TradeLens connects shipping, customs and trade finance
If there’s one blockchain project that really shows what the technology is capable of, it’s TradeLens, which has connected almost every part of the global shipping industry.
Created in 2018 by container shipping giant Maersk and IBM Blockchain, it had big dreams and big hurdles. TradeLens wanted to create a blockchain-based supply chain management tool that would convince all competing players across all industry segments to work together to trust the incredibly complex exchange of information needed to make trading mobile widgets worldwide. seamless flow to a distributed ledger.
This includes shipping companies, of course, but also port operators, customs agencies, rail and trucking companies, industrial software developers and financial service providers who make sure everyone gets paid. .
TradeLens is an enterprise blockchain, designed to allow the many links in a supply chain to work together on a single, trusted database.
It’s a shared information network that allows customers to track their freight containers in real time to see any issues in the supply chain, allowing them to do things like make inventory decisions. . Port authorities and trucking companies can see when ships will be delayed or arrive early, and reschedule accordingly.
In February, TradeLens reached a milestone when Swiss agrochemical company Syngenta and HSBC bank used a fully digital letter of credit to pay for a shipment of goods on Maersk’s Sealand shipping line between South Korea and Bangladesh. using a digital bill of lading. Less than 0.1% of those bills of lading are scanned, TradeLens said in a statement calling it the “holy grail of shipping.”
Syngenta estimated that the blockchain transaction saved them 10 days of paperwork, getting product to the customer much faster. It helped that the South Korean port authority and customs agency were also members of TradeLens.
“Removing paper from the process should not only increase the efficiency and speed of trade, but also enhance the appeal of the letter of credit as a trade finance solution,” said Sanjay Tandon, Chief Operating Officer commodities, global trade and receivables finance at HSBC for Asia Pacific.
Trust the Blockchain
The blockchain has brought two great strengths to the task of unraveling this incredibly complex network of transactions: it is immutable and it is trustless.
See more: PYMNTS Crypto Basics Series: What is a Blockchain and how does it work?
Once written on a decentralized blockchain, transactions cannot be modified – in other words, they are immutable – because they are visible to anyone. The digital ledger is stored on many nodes, all of which must agree to write new transactions and are all interconnected like links in a chain. So changing anything to transaction data would require changing everything that came after it.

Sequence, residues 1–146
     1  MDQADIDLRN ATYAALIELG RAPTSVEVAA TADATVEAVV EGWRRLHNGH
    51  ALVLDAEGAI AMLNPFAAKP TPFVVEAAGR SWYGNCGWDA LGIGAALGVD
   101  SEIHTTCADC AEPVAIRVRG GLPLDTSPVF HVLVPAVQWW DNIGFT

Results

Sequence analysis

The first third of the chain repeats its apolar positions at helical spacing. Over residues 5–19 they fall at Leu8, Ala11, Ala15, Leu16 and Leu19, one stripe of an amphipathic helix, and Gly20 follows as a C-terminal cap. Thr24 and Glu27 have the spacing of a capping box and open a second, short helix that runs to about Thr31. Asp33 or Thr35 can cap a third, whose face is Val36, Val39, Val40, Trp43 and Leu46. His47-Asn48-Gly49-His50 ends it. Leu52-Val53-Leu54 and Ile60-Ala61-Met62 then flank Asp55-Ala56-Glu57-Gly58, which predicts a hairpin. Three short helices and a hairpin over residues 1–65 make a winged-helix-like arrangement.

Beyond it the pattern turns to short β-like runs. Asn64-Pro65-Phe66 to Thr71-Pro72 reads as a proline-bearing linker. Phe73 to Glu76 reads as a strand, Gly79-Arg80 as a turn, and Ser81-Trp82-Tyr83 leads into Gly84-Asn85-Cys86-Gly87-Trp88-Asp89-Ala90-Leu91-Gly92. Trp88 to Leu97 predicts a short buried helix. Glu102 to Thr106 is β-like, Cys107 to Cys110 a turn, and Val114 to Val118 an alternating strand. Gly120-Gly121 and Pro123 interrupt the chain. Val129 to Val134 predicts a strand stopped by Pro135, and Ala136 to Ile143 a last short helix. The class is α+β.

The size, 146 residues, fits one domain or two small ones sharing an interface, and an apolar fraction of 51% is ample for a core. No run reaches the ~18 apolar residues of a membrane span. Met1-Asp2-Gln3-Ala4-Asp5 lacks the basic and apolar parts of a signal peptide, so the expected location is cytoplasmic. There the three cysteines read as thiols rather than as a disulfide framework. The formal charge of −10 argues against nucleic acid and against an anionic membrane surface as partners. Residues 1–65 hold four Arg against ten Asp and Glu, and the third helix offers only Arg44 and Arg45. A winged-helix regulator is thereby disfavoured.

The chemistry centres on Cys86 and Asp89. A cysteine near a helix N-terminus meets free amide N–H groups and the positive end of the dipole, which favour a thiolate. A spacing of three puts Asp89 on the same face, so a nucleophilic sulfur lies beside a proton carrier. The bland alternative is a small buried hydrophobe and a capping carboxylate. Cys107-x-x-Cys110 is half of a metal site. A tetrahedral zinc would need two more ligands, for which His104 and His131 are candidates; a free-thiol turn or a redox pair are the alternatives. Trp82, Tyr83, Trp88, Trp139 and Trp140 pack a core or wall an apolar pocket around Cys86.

Second, one of the main purposes of blockchain technology is that it enables what cryptographers call “trustless” transactions, i.e. a transaction in which two (or more) parties who do not not trust can carry out transactions without going through a trusted third party such as a bank.
And because everyone can see everything, it’s easy to trace a cryptocurrency token along a convoluted, cluttered path.
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That last sentence should have a big asterisk at the end, because TradeLens is an enterprise or permissioned blockchain – unlike bitcoin, for example, not everyone can set up a node, keep a full copy of the ledger, and perform there transactions.
In addition, it is possible to restrict access to certain information written on the blockchain.
For example, the farmers, truckers, suppliers and distributors who deliver romaine lettuce to Walmart all put information on the IBM Food Trust blockchain that Walmart can see in real time. But the trucking companies that bring these products can’t keep up with competitors’ platforms. Nor can Walmart see the trucks of these companies that transport products for Dole, which is also on the IBM Food Trust. But truckers can see their entire fleet.
When building TradeLens, the first job was to get major shipping carriers to agree to work on a system created and operated by a competitor. Today, five of the six largest shipping companies are on TradeLens, including No. 1 MSC, No. 2 Maersk and No. 3 CMA. The 10 members represent more than half of the world’s shipping containers.
Back when TradeLens was getting started, Susan Joseph, who worked for B3i, a company developing a similar product for the insurance industry, told a conference panel that “technology is tough, but people are more difficult. It’s really a social issue. You gather a group of competitors and you have to trust them. Only you’ve never done it before. This is, I think, the major problem.
That is, it requires a trustless solution.